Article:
SUTTLEHAN v. TOWN OF NEW WINDSOR

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Supreme Court, Appellate Division, Second Department, New York.

Donald J. SUTTLEHAN, appellant, v. TOWN OF NEW WINDSOR, et al., respondents.

-- November 07, 2012

REINALDO E. RIVERA, J.P., CHERYL E. CHAMBERS, SHERI S. ROMAN, and ROBERT J. MILLER, JJ. Schnabel Law Offices, Chester, N.Y. (Philip H. Schnabel of counsel), for appellant. Michael D. Blythe, New Windsor, N.Y. (Ralph L. Puglielle, Jr., of counsel), for respondents.

In an action to recover damages for breach of contract and promissory estoppel, the plaintiff appeals from so much of an order of the Supreme Court, Orange County (Lubell, J.), dated January 19, 2011, as granted that branch of the defendants' cross motion which was for summary judgment dismissing the complaint insofar as it is premised upon a resolution of the defendant Town of New Windsor dated May 6, 2009, inter alia, eliminating his entitlement, upon his retirement, to fully paid lifetime health care benefits for himself and his spouse.

ORDERED that the order is affirmed insofar as appealed from, with costs.

Pursuant to a resolution of the Town of New Windsor dated January 7, 2009, the plaintiff, who was then a sitting Town Justice, was prospectively awarded fully paid lifetime medical benefits for himself and his spouse, which were to become effective upon his retirement. These benefits were subsequently revoked by a Town resolution dated May 6, 2009. The plaintiff retired in July 2009, and thereafter commenced the instant action, inter alia, to recover damages for breach of contract and promissory estoppel equal to the lifetime medical benefits originally awarded to him. The plaintiff asserted, among other things, that the Town resolution unlawfully discriminated against Town Justices, violated the separation of powers doctrine, violated rights secured to him pursuant to the Compensation Clause of the New York Constitution (N.Y. Const., art. VI, § 25[a] ), and imposed a contractual obligation upon the Town to provide him with lifetime medical benefits or, in the alternative, that, by adopting the resolution, the Town became obligated to provide him with those benefits under the theory of promissory estoppel.

The defendants met their prima facie burden of establishing that they are not obligated to provide lifetime medical benefits to the plaintiff and his spouse, and the plaintiff failed to raise a triable issue of fact in opposition (see generally CPLR 3212[b]; GTF Mktg. v. Colonial Aluminum Sales, 66 N.Y.2d 965, 967–968, 498 N.Y.S.2d 786, 489 N.E.2d 755; Zuckerman v. City of New York, 49 N.Y.2d 557, 562, 427 N.Y.S.2d 595, 404 N.E.2d 718). Contrary to the plaintiff's contentions, the resolution dated May 6, 2009, which revised the plaintiff's health-care benefits, but only with respect to coverage for claims made, or to be made, subsequent to his separation from Town employment, was not discriminatory. The resolution dated May 6, 2009, was not solely targeted at the judiciary, but was applicable to various elected officials, namely, the Town Supervisor, Town Clerk, Superintendent of Highways, Receiver of Taxes, Town Justices, and members of the Town Board. In addition, the resolution did not violate any rights that the plaintiff has or may have pursuant to the separation of powers doctrine or the Compensation Clause of the New York Constitution. Notably, in this regard, the resolution addressed the prospective reduction of a municipal official's health benefits only after his or her retirement, not the reduction in the salary or benefits of a justice during his or her term in office (see United States v. Hatter, 532 U.S. 557, 567, 121 S.Ct. 1782, 149 L.Ed.2d 820; Matter of Maron v. Silver, 14 N.Y.3d 230, 254, 899 N.Y.S.2d 97, 925 N.E.2d 899; Cohen v. State of New York, 94 N.Y.2d 1, 13, 698 N.Y.S.2d 574, 720 N.E.2d 850; Emerling v. Village of Hamburg, 255 A.D.2d 960, 961, 680 N.Y.S.2d 37; Matter of Catanise v. Town of Fayette, 148 A.D.2d 210, 212, 543 N.Y.S.2d 825; cf. Roe v. Board of Trustees of Vil. of Bellport, 65 A.D.3d 1211, 1212, 886 N.Y.S.2d 707). Moreover, “[a] municipal resolution is, in general, a unilateral action that is temporary in nature and, thus, it does not create any vested contractual rights” (Matter of Aeneas McDonald Police Benevolent Assn. v. City of Geneva, 92 N.Y.2d 326, 333, 680 N.Y.S.2d 887, 703 N.E.2d 745).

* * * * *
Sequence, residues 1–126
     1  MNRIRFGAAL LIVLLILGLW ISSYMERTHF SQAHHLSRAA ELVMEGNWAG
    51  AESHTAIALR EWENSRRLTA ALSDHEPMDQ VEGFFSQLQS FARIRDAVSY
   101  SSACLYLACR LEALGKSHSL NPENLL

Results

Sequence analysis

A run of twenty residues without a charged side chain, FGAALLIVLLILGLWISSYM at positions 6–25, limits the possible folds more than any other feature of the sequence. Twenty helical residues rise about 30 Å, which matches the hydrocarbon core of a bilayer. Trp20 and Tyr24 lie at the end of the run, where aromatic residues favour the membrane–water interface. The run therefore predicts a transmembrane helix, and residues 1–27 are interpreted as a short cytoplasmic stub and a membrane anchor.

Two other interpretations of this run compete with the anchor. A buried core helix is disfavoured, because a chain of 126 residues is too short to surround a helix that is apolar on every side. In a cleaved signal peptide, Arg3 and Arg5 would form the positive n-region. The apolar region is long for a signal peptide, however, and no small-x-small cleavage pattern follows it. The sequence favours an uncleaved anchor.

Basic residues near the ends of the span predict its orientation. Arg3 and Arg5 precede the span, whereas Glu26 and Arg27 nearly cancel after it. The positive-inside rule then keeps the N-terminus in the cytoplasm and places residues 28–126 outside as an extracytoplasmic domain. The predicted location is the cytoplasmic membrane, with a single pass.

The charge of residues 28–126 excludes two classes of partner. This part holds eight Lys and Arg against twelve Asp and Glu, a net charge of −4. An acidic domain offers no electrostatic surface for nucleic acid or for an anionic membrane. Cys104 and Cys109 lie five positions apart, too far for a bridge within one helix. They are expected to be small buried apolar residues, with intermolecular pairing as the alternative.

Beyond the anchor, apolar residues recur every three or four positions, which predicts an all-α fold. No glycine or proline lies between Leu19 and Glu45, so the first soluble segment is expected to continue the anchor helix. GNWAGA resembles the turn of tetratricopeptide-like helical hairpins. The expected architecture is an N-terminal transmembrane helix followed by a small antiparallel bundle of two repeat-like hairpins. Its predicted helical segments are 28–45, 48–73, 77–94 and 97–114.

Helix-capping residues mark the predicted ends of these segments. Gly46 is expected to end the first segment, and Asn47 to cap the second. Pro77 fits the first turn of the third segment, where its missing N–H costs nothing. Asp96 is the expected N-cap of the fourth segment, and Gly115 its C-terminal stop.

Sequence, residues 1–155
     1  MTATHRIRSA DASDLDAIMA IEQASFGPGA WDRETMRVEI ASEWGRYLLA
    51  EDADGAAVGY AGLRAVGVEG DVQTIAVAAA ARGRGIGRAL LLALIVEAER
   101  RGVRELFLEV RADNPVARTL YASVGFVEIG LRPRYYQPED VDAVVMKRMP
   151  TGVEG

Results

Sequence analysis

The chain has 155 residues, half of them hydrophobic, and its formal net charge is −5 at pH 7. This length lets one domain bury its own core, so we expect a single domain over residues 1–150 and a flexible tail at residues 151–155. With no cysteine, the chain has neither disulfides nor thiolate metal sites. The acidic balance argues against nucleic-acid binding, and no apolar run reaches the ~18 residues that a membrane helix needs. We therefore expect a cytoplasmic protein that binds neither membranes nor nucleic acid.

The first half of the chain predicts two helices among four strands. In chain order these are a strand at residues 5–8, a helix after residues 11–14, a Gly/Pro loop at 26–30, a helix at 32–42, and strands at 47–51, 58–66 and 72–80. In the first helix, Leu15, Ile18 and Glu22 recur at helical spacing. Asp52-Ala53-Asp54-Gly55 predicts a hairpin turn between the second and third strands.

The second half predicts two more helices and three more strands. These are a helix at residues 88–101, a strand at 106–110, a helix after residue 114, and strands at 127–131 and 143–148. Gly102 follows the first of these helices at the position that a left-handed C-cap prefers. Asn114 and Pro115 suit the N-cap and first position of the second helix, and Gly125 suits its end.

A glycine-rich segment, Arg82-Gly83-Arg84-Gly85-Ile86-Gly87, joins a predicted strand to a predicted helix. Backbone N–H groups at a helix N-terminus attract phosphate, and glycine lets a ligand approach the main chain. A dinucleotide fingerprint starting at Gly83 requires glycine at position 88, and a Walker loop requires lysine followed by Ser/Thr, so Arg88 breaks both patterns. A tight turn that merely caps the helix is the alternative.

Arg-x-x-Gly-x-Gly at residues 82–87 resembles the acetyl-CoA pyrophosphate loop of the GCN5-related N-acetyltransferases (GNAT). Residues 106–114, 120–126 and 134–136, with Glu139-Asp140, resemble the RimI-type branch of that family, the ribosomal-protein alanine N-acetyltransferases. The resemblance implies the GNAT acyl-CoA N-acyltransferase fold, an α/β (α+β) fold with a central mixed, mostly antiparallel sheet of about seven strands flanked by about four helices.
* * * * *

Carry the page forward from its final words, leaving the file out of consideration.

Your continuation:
The plaintiff's remaining contentions are without merit.

Accordingly, the Supreme Court properly granted that branch of the defendants' cross motion which was for summary judgment dismissing the complaint insofar as it is premised upon the resolution dated May 6, 2009.

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